Among the men and women who defend our nation, the service provided by members of Joint Base Elmendorf-Richardson's Chaplain Corps is unique and critical.

"We are one link in multiple support agencies," said Air Force Master Sgt. Steve James. "That help take care of the soldiers and airmen and their families that live here."

Chaplains, chaplain's assistants and members of religious affairs are on base to help service members with any emotional issues they may have.

"We're here in the good times but I'd say more so in their bad times," James said. "Those trials and tribulations that our team members face often come at the most inconvenient times not only in their day, but also in their lives."

Those trials are among the core reasons for the Chaplain Corps on JBER, to help soldiers and airmen carry on after personal trauma.

"On the enlisted side, we are not as involved in the counseling," said Army Sgt. 1st Class Eric Tysinger. "For example, for the Army chaplain assistants, we have the facility infrastructure support mission. We have unit ministry teams along with chaplain and chaplain assistants embedded in pairs in the units on the Fort Richardson side. While we can counsel one-on-one, as a soldier to a soldier, the religious affairs NCOs are not as involved as assistant chaplains would be."

The most complex weapon system the military has are the individuals who make up its fighting forces.

"You help keep them focused on their task and mission at hand," James said. "It's just in this field, you are somewhat removed from the sound of freedom as it roars over head a little bit."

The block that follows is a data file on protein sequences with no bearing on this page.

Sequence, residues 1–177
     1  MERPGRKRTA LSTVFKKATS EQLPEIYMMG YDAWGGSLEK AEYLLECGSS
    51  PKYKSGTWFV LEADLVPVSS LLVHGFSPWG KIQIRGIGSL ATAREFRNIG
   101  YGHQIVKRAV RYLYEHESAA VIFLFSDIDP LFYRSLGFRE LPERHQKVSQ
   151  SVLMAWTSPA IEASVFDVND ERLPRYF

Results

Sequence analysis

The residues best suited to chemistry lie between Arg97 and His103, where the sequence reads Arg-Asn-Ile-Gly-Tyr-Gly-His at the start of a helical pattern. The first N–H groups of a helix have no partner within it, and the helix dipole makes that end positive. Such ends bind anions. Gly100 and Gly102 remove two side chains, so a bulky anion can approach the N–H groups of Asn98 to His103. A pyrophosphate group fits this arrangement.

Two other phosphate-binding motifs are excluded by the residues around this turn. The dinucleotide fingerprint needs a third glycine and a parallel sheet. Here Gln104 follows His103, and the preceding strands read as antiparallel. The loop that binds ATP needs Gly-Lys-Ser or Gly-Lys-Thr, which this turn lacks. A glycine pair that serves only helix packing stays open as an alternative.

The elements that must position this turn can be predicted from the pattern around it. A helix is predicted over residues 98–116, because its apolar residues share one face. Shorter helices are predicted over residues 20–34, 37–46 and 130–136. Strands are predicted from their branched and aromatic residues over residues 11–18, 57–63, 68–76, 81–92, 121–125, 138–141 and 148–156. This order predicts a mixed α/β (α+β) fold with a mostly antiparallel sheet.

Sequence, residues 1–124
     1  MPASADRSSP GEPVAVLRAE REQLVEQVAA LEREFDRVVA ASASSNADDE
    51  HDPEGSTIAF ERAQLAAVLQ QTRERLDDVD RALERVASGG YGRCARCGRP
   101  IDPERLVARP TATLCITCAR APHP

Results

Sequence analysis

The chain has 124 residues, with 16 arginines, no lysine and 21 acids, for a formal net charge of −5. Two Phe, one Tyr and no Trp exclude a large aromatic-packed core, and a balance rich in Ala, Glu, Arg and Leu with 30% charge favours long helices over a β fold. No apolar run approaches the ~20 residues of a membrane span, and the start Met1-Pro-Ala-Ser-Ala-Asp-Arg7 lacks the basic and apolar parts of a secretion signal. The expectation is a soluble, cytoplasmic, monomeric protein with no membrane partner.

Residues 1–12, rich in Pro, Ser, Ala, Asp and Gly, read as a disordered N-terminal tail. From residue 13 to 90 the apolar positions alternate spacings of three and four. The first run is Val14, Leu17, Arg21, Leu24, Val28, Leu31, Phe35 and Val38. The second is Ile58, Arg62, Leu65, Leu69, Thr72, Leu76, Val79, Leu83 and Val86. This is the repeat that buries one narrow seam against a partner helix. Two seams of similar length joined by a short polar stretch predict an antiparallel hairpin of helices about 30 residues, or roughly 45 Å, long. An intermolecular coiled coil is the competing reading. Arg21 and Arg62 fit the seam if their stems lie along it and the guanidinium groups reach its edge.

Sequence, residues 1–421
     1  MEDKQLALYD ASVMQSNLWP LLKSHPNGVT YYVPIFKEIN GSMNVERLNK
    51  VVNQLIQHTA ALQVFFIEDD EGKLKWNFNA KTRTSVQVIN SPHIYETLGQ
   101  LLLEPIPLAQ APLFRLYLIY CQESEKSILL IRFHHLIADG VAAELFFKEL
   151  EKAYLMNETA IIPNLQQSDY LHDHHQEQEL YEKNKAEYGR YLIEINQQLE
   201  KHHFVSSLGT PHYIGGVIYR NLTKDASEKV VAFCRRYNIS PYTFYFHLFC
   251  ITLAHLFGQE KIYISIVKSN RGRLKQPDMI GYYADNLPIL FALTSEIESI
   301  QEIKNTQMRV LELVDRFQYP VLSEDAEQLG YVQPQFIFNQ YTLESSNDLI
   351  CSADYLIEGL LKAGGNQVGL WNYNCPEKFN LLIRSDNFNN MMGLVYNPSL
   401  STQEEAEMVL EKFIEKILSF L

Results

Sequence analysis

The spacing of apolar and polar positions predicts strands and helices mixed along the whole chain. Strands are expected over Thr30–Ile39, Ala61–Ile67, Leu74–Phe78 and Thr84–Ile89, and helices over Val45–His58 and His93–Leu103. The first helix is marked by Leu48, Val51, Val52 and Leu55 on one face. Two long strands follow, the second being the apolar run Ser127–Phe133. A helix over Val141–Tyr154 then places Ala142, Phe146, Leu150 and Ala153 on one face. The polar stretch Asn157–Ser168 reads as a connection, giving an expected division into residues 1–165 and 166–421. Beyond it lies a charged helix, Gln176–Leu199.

The rewards are different and not as tangible as repairing an aircraft or launching it for a mission, however it is richly rewarding in helping people.

"I think one thing that makes the chaplain corps unique," Tysinger said. "For the Army and the Air Force, is the confidentiality piece. If a service member comes up to Sergeant James or myself or a chaplain and they say, hey, I've got this going on and I don't want anyone else knowing about it. That is something we can hold in confidence, even from a commander."

The term used in the field -- which relates to trauma, depression and questioning the existence of God and life itself -- is "moral injury."

"'Why did this happen to me?'" James said, quoting moral injury's underlying question. "Good things are suppose to happen to good people. That is a very tragic event regardless of your branch of service. That's why the Chaplain Corps is here, and tries to assist people along with PTSD, and these other things that comes to the forefront as our service members return from kinetic operations. We try to be a healthy outlet and help them reintegrate in a positive manner."

Other duties performed by the chaplain's assistants in the Air Force and the Army's Religious Affairs specialists include help with religious events and services, Bible study and chapel maintenance.

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